The Government said today that it is confident cruise ships will be back this summer, in the face of growing industry frustration over the lack of a fixed date for their return.
Covid Response Minister Chris Hipkins said he understood no cruise ships were booked in until October, and he was confident they would be welcome by then.
"I can understand the industry's eagerness, and the rule changes are not far off now to get the clarity in place," he told the Herald.
The Government has previously said the maritime border is more complicated than the air border, and the minister restated this today.
"We've had a few things to work through. We absolutely are going to be standardising the air and maritime borders – we're just working through the details. We'll be making decisions as quickly as we can."
The New Zealand Cruise Association today warned that New Zealand risks losing millions of dollars unless the Government confirms as soon as possible when maritime borders will reopen.
It says the lack of certainty is also putting at risk hundreds of ailing tourism businesses that support cruises.
"The continuing silence from Government on reopening our maritime borders is squandering the enormous contribution that the New Zealand cruise sector could make in providing desperately needed revenue to help regional tourism operators survive into 2023," said association chairwoman Debbie Summers.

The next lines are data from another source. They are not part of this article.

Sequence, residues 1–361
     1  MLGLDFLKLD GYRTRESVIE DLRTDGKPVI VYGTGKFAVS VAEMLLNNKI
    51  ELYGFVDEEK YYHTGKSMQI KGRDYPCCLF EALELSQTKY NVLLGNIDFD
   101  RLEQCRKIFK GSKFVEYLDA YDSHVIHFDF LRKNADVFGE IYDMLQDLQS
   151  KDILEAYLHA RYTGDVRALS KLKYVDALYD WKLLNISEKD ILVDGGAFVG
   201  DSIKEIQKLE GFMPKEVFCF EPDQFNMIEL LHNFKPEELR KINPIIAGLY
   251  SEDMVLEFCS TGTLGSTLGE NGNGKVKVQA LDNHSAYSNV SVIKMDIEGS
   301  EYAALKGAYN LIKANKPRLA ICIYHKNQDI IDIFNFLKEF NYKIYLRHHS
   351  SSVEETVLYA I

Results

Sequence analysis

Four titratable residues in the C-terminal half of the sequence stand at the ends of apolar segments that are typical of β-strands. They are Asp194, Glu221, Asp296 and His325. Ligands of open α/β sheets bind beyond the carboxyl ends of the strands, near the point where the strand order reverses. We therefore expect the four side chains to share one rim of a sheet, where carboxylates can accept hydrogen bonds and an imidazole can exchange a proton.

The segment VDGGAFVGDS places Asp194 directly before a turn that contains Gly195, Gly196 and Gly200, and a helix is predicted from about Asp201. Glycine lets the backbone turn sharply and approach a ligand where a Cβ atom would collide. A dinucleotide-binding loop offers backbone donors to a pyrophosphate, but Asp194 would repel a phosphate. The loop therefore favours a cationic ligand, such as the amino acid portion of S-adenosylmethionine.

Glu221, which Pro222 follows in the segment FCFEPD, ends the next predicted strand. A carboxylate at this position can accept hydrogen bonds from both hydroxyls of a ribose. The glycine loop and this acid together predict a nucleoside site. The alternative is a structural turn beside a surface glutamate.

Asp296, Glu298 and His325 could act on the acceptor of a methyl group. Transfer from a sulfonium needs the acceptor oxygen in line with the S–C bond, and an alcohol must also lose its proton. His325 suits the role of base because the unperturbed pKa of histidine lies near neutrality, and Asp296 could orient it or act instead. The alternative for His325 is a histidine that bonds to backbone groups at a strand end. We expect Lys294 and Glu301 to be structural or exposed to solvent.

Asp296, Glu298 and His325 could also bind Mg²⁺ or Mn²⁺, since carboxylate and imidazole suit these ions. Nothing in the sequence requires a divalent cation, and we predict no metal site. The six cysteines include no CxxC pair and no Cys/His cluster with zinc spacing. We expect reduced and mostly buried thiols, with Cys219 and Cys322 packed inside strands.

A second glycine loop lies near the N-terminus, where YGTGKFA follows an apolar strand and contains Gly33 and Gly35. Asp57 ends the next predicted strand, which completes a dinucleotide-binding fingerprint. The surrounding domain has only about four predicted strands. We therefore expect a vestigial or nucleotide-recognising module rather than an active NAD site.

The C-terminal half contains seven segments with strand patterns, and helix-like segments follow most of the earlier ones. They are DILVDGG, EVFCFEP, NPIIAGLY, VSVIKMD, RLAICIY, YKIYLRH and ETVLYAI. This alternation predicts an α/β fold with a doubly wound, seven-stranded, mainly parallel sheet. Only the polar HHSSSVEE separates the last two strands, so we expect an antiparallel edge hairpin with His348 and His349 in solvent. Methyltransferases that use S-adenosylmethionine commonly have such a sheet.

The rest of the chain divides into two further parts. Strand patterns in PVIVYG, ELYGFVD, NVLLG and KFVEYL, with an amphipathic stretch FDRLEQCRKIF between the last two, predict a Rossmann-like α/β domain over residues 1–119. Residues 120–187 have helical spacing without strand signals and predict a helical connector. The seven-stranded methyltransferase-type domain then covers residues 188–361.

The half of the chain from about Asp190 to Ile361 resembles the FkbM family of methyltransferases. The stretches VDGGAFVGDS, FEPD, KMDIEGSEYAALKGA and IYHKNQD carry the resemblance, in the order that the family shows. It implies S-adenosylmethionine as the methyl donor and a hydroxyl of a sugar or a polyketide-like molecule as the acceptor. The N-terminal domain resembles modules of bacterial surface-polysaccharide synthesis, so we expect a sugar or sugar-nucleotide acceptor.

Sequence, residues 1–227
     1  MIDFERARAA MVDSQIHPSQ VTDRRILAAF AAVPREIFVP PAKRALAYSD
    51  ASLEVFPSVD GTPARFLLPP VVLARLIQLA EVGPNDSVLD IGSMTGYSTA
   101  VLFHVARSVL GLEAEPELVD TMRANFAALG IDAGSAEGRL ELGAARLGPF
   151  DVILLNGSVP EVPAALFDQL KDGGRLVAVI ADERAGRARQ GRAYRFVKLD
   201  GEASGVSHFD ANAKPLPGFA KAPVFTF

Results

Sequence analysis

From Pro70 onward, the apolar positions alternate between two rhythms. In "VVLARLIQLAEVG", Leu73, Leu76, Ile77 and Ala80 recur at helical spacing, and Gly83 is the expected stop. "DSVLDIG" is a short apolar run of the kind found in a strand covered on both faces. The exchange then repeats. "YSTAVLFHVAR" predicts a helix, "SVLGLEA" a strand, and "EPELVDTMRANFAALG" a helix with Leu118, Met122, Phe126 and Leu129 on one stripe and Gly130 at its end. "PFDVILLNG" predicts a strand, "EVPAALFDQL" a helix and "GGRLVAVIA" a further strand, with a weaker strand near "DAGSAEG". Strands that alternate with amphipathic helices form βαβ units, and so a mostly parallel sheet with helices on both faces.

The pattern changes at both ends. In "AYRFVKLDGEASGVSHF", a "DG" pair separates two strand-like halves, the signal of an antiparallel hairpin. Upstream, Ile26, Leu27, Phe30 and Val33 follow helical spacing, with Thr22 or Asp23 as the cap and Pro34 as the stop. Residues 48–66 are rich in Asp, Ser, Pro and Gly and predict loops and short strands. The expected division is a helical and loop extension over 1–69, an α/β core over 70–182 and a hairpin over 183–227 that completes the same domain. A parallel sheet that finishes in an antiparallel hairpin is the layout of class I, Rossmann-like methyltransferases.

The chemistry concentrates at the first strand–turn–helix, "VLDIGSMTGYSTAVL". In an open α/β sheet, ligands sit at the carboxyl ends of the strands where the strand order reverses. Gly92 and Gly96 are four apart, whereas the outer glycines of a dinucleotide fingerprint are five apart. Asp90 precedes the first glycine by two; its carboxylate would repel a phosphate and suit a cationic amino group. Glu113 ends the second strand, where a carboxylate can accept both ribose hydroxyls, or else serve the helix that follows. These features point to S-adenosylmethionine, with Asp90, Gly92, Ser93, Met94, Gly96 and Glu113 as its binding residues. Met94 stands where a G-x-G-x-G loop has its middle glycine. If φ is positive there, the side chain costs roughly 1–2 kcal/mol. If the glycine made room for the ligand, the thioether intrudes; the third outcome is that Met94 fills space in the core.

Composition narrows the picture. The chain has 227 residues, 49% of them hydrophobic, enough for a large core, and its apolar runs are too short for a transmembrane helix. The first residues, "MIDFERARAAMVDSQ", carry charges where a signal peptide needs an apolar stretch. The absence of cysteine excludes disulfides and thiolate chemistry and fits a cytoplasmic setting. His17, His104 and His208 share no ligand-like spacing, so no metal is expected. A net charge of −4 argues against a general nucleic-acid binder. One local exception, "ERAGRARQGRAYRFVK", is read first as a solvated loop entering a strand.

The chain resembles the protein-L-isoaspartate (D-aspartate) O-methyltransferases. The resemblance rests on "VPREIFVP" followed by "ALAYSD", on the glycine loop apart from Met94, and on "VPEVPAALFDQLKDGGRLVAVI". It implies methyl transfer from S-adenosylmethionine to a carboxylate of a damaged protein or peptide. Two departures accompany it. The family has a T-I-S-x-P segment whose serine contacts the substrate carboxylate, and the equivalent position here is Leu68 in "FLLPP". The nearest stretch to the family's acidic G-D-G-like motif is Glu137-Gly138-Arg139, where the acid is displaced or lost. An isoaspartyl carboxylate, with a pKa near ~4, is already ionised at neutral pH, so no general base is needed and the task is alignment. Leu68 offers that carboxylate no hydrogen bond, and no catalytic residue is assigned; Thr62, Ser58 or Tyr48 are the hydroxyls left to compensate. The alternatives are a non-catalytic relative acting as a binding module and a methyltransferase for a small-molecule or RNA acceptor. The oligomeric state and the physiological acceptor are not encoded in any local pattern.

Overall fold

New Zealand had already lost 250 port calls and around $150 million in revenue because of border uncertainty. Cruise lines need time to plan schedules for the 2022-23 cruise season and time was rapidly running out, she said.
"More than 80 countries around the world are now open to cruise, including Australia. We know there is considerable pent-up demand among travellers, but international cruise lines are unwilling to put New Zealand on their list because we are still closed."
The impact would fall most heavily on regions that rely on income from cruise ships in the summer, especially while international tourism was still recovering, Summers said.
Before the pandemic, the cruise sector added $550m to New Zealand's economy – equal to the entire business and events sector.
"In the more than two years since our borders closed, New Zealand has lost over a billion dollars. This can't continue. We cannot lose another cruise season without a serious breakdown in our ability to service all visitors to New Zealand," Summers said.
The cruise sector was now well-recognised as leading the way with Covid health measures, she said. All passengers and crew are vaccinated and regularly tested, ventilation has been enormously enhanced and there are extensive health measures on board.
Last month Tourism Minister Stuart Nash said he would love to see cruise ships back, and praised the industry for its health response.
"Cruise is a very good case study of how a sector of the tourism economy was completely gutted. The perception of them was about as low as you could get and they've changed that by working incredibly hard to address the concerns of people who take cruises," he told the Herald.